“Right now, it’s premature to even comment on it,” said council chairman Steve DeBry, days after Dunn presented a graph titled “Mask Mandates Decrease COVID-19 Transmission” and reported that without more precautions, at least one child on average would be hospitalized for COVID-19 every other day once the school year begins. Every hospital in the county already is at or overcapacity, she added, and burnout among health care workers has left many health care systems understaffed.

“I took from it she wasn’t going to recommend a mask mandate,” DeBry said. She was going to wait for further data and information and further time to see exactly where she lands on this.”

Councilwoman Ann Granato noted that state law requires any pandemic restrictions to originate with Dunn’s office, with the council only able to approve or reject them.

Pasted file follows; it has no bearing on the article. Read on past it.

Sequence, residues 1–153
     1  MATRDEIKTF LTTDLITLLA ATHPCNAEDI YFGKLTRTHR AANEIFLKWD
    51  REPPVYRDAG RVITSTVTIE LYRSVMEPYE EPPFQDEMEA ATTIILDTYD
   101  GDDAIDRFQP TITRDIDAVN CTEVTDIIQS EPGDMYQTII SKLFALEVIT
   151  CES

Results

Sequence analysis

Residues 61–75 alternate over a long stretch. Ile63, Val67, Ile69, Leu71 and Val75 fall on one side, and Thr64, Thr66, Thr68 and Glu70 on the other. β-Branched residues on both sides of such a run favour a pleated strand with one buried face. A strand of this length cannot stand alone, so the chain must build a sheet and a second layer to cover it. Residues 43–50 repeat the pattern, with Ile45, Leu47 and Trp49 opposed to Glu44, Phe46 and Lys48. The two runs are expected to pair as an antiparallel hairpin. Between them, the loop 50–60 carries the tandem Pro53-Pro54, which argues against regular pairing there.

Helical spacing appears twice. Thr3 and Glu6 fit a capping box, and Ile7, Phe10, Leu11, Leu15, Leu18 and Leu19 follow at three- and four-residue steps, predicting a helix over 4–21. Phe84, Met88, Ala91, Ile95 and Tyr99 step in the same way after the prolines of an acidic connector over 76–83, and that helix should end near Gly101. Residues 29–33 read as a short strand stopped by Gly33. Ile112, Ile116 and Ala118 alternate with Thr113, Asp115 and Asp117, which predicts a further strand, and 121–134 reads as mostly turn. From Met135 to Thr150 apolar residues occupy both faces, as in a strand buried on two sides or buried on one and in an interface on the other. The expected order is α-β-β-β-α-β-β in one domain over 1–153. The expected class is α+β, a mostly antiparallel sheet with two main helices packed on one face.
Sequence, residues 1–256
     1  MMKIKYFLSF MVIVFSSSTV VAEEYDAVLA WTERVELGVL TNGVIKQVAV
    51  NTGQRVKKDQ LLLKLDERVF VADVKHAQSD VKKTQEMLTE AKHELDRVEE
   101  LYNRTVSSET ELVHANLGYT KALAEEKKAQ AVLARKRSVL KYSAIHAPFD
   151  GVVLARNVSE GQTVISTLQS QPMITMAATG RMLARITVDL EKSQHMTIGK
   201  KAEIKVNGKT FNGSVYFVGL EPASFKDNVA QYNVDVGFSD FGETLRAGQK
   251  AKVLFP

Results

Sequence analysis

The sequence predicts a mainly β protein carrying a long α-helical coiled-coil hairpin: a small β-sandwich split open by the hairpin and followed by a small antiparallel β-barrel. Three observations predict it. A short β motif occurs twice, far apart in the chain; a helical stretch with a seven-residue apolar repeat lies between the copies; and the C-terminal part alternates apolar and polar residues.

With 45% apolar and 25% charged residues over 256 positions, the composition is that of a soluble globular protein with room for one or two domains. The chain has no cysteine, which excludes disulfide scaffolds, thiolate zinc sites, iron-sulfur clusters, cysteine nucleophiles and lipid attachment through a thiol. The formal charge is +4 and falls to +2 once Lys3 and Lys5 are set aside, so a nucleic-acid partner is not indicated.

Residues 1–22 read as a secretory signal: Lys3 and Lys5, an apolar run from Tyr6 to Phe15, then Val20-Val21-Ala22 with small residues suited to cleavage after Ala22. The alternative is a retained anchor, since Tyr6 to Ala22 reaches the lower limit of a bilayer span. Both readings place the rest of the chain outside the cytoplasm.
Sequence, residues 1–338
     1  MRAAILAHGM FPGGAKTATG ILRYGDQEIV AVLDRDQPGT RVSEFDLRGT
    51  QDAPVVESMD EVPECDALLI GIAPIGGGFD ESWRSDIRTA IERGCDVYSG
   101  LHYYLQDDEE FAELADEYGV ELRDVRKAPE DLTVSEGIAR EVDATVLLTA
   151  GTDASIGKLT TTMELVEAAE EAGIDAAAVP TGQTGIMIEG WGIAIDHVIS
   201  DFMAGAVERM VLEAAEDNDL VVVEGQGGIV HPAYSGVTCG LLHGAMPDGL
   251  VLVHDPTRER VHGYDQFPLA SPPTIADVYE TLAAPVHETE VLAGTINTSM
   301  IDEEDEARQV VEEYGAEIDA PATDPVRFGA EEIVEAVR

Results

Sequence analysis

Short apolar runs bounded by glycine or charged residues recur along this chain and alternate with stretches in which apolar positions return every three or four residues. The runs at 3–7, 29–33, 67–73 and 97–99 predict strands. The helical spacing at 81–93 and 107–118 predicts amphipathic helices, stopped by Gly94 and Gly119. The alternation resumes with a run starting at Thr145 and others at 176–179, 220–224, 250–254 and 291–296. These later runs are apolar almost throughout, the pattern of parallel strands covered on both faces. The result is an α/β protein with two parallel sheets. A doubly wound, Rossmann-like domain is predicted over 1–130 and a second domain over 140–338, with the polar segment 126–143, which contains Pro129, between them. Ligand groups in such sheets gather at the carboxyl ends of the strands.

“I’ve got no comment unless something happens,” Granato said.

But with Dunn conditioning any mask order on assurances of council support, and council members declining to take a side without explicit action from Dunn, it’s unclear how the impasse will resolve.

Majority approval may be hard to get

The Utah Legislature voted in May to ban school districts from requiring masks in classrooms and gave elected county officials and the Legislature itself the power to overturn pandemic-related health orders by local health departments.

That means the only way for any Salt Lake County school to require masks is for the county health department to issue a mandate to which the County Council and county mayor don’t object. It’s possible, though unlikely, that the Legislature would convene in special session only to overrule a health order by a single county.